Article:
Forensics Schools in Wisconsin

With 211 state parks and recreation areas, Wisconsin offers students not only the opportunity to study hard, but also to have fun. Forensics schools in Wisconsin can provide students with the education and degree they need to succeed as a forensic professional. There are 2 forensics colleges in Wisconsin for students to choose from. Forensics programs in Wisconsin reportedly graduated 68 students in the 2008-2009 school year.

CitySchoolPrograms Offered
Forensics Schools in Milwaukee Marquette University
615 N 11th St
Milwaukee, WI, 53233
  • Bachelors in Criminology
Forensics Schools in Plymouth Lakeland College
W3718 South Drive Cth M
Plymouth, WI, 53073
  • Bachelors in Criminology

Forensics Salaries in Wisconsin

City 10th Percentile 25th Percentile 50th Percentile 75th Percentile 90th Percentile Average
Milwaukee $28,366.67 $31,553.33 $38,136.67 $45,790.00 $52,923.33 $38,856.67

Forensics Jobs in Wisconsin

Forensics Careers

ProfessionSkills RequiredDuties Performed
Fire Investigator
  • Social Perceptiveness: Being aware of others' reactions and understanding why they react as they do.
  • Active Learning: Understanding the implications of new information for both current and future problem-solving and decision-making.
  • Management of Personnel Resources: Motivating, developing, and directing people as they work, identifying the best people for the job.
  • Conduct fire exit drills to monitor and evaluate evacuation procedures.
  • Conduct internal investigation to determine negligence and violation of laws and regulations by fire department employees.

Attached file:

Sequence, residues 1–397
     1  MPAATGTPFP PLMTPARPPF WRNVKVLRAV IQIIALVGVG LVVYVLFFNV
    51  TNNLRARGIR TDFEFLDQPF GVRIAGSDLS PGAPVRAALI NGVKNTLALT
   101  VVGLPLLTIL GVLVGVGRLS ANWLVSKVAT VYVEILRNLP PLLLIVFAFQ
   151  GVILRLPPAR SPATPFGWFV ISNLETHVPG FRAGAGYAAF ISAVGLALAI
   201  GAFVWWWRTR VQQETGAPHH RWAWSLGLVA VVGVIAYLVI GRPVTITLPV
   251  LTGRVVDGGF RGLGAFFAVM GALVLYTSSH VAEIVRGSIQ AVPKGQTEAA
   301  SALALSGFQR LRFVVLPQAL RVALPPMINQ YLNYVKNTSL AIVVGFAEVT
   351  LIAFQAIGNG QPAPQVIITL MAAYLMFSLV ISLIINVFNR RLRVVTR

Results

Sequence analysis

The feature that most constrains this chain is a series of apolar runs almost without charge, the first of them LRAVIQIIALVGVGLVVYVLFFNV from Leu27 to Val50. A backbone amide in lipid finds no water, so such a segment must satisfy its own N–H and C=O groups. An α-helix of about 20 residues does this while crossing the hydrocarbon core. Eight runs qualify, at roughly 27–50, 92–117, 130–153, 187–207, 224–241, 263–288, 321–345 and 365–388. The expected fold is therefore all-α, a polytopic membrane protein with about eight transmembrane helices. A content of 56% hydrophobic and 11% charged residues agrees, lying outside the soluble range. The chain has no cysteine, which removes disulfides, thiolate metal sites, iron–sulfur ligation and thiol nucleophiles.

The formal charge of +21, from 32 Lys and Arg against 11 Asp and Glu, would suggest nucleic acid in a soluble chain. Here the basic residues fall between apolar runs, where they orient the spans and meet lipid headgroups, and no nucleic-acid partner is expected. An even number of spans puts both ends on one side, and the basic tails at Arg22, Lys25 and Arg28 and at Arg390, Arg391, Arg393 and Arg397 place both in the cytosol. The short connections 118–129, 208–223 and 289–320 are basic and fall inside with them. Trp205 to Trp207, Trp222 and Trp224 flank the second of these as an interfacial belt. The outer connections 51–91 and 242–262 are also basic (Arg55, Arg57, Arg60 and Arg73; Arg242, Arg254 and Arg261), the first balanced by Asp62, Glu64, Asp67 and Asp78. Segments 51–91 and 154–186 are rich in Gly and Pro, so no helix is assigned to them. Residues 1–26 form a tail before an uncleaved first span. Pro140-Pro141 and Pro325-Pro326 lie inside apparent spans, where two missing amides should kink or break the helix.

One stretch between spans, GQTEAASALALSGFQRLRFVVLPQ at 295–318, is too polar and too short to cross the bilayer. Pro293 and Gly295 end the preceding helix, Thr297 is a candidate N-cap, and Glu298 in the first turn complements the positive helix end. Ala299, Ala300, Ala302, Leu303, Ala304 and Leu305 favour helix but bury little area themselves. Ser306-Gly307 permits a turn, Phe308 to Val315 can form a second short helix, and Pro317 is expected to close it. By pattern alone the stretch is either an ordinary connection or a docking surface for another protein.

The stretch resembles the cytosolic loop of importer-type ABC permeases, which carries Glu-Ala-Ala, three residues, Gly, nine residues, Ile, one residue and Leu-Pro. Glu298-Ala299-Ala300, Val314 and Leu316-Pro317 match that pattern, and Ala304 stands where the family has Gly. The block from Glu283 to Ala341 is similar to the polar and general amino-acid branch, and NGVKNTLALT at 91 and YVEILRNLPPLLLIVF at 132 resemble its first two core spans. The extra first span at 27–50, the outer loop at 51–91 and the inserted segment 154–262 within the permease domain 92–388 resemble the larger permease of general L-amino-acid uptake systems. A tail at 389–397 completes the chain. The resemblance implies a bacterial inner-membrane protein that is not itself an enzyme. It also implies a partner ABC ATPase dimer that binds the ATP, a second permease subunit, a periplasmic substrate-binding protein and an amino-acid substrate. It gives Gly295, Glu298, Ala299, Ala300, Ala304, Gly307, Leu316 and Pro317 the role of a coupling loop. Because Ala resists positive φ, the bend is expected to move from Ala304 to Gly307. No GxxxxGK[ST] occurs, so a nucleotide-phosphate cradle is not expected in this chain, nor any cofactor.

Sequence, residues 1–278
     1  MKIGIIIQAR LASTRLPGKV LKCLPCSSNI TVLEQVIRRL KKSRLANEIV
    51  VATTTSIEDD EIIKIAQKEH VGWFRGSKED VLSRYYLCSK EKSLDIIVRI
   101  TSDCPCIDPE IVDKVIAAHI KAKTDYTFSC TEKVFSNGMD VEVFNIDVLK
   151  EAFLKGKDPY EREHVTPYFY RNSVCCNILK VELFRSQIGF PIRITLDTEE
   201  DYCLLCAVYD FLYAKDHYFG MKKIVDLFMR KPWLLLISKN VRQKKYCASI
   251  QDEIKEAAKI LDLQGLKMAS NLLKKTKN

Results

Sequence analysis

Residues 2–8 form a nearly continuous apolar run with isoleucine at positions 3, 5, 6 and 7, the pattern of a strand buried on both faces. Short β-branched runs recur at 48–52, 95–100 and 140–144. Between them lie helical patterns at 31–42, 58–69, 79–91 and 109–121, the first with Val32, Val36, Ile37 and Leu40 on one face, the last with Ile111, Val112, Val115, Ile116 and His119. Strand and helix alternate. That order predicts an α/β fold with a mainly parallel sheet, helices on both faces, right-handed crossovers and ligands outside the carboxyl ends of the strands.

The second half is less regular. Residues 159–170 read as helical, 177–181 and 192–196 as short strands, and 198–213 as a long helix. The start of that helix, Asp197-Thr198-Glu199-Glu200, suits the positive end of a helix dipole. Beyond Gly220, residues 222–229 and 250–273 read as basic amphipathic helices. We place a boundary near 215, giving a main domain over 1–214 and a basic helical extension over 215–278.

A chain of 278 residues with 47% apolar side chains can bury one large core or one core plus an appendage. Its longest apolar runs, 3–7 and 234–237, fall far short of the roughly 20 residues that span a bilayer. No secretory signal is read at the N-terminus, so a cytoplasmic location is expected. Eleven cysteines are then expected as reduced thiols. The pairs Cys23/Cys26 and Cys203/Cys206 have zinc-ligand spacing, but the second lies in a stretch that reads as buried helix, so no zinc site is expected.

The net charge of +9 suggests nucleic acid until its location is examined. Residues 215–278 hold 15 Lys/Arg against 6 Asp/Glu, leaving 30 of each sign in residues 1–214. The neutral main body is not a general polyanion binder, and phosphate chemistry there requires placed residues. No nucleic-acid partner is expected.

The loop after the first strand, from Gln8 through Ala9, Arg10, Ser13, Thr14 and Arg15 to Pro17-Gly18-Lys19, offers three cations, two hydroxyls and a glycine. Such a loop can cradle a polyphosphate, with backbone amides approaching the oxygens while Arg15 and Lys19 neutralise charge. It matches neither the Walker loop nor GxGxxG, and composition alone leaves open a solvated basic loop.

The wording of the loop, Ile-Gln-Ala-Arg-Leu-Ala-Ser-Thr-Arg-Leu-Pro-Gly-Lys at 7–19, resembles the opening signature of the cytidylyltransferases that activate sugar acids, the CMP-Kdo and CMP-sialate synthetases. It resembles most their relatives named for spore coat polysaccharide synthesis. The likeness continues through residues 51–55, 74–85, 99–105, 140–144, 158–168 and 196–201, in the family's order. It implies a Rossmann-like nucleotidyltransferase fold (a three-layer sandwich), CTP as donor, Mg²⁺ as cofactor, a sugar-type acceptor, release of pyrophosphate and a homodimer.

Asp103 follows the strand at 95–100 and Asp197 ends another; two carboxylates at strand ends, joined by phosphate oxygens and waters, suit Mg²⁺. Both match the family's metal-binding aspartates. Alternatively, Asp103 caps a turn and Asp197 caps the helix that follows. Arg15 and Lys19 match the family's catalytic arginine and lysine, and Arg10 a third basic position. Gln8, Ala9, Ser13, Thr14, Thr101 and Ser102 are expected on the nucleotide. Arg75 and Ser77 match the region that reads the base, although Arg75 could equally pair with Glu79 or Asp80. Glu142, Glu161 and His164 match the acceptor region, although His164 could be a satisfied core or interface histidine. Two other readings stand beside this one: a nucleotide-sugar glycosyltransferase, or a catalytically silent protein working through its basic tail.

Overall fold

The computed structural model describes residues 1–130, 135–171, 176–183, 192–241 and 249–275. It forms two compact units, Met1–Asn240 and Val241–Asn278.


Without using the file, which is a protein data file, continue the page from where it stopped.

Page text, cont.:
• Collect fees for permits and licenses.
Fire Prevention Specialist
  • Mathematics: Using mathematics to solve problems.
  • Instructing: Teaching others how to do something.
  • Persuasion: Persuading others to change their minds or behavior.
  • Direct crews working on firelines during forest fires.
  • Inspect forest tracts and logging areas for fire hazards such as accumulated wastes or mishandling of combustibles, and recommend appropriate fire prevention measures.
  • Administer regulations regarding sanitation, fire prevention, violation corrections, and related forest regulations.
Crime Scene Investigator
  • Judgment and Decision Making: Considering the relative costs and benefits of potential actions to choose the most appropriate one.
  • Management of Personnel Resources: Motivating, developing, and directing people as they work, identifying the best people for the job.
  • Programming: Writing computer programs for various purposes.
  • Prepare comprehensive written reports, presentations, maps, or charts based on research, collection, and analysis of intelligence data.
  • Note, mark, and photograph location of objects found, such as footprints, tire tracks, bullets and bloodstains, and take measurements of the scene.
  • Analyze evidence in laboratories or in the field.

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